At Amsterdam's giant Centraal station we bought sandwiches for dinner, too full from lunch to contemplate much more, then waited for our train to arrive for boarding. Finally the train to Prague arrived, mere minutes before the departure time, despite this being the originating station.
Our deluxe sleeping compartment was a masterpiece in compactness. There was a toilet and shower squeezed in, yet still roomy enough to use, a bunk bed that was configured for two, but could have three levels, plenty of luggage space under the ceiling (though lifting the bags up was a challenge). There was even a power socket for the laptop.

Bottles of fizzy mineral water and basic toiletries (towels, dual use shampoo and body wash and cups of clean water) had been provided. We managed to each use the shower, which was, if anything, too hot - it was large enough for me to bathe Alex even with the door closed.
Despite my fantasies of lying on the bottom bunk snuggled up to Alex while watching the world unfold outside the window I was forced up above, where there was no view, by B's motion sickness. I had no such issues and found the rocking motion very relaxing.
So despite the constant stream of French SMS message streaming to my phone I managed to fall into a sleep as good as any I have had in the last few days.

Comments

Popular posts from this blog

My first overseas trip: Singapore and Malaysia

I've always loved to travel. My first memory is of sitting in a an aircraft, aged 18 months or so. Yet I never believed that I could travel overseas. To me, it seemed like something you did when you retired, or if you were rich. That all changed when I met B. She had not only travelled overseas, she was from overseas . B was born in Malaysia and arrived in Australia, with her family, in 1988. She still had relatives and friends in Malaysia and Singapore and she, along with the remainder of her family, planned to return for a visit during the Australian summer of 1995. At the time I was staying in B's mother's house while we were studying at university. After B's father passed away the year before I was the nominal "man" of the house and its high maintenance garden; her brother Michael was studying up in Queensland. B and I were quite inseparable and her mother kindly offered to pay for me to join them on their vacation. So it was that I obtained my very firs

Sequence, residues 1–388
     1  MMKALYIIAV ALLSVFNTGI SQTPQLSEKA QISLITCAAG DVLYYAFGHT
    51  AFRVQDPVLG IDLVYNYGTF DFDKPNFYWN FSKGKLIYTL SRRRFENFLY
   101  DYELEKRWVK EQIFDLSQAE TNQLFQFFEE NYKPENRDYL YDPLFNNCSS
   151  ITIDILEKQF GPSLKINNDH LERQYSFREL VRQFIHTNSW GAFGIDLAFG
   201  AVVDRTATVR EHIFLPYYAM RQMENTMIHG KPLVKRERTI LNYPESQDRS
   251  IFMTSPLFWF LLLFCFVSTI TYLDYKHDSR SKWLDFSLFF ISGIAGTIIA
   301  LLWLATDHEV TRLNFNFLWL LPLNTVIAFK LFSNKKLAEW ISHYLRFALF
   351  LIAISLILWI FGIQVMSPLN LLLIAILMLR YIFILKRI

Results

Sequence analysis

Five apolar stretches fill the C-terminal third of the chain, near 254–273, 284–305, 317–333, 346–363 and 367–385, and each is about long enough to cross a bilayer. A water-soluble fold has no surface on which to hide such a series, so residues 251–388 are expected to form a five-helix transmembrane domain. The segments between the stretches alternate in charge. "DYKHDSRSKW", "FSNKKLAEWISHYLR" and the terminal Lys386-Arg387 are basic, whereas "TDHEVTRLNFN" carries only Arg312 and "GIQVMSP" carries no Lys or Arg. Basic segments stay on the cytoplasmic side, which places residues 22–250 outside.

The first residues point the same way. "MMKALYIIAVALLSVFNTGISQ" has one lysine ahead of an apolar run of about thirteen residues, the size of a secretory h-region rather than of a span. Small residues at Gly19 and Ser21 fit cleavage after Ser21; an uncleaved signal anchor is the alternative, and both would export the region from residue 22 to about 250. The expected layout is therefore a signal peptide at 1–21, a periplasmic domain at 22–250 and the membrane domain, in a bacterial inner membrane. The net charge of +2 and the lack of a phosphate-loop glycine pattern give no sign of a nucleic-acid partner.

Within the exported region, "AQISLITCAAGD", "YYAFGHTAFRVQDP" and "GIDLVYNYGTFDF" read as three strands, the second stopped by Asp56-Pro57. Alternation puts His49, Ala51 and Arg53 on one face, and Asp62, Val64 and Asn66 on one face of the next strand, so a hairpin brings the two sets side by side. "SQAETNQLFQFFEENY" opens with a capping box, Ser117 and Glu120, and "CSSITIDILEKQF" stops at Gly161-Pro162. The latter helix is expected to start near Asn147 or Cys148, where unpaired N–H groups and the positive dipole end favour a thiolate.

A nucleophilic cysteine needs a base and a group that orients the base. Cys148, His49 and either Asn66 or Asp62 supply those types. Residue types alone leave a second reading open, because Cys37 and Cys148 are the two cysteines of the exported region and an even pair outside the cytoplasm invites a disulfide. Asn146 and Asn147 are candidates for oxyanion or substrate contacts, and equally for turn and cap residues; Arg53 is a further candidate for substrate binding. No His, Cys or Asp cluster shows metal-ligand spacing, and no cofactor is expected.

One night in Canberra

It's the April school holidays and we are too busy to have a break but need one because of that. And because it's the Easter weekend the options are limited, so we just drive down to Canberra for the night. No, this isn't our first trip for 2023. I wrote about Japan on another site .  I refuse to wake up early so we depart after 8.30 AM. There is not much to say about the drive except that the clouds seem so low and Lake George is very full. We stop at a rest area and at the lookout up the hill to take it all in. Everyone is hungry so we first stop in Dickson and then can't think of anything to eat, so I drive us to Civic, where we can't decide and end up eating at the Singaporean Killiney Kopitiam branch.  The Canberra Centre has nice shops. I dream of getting an iPad from the Apple Store, we buy a blanket and toothbrushes from Muji and wish that Lego wasn't so expensive. Nothing we can't get in Sydney, but then we rarely go out shopping in the city. It'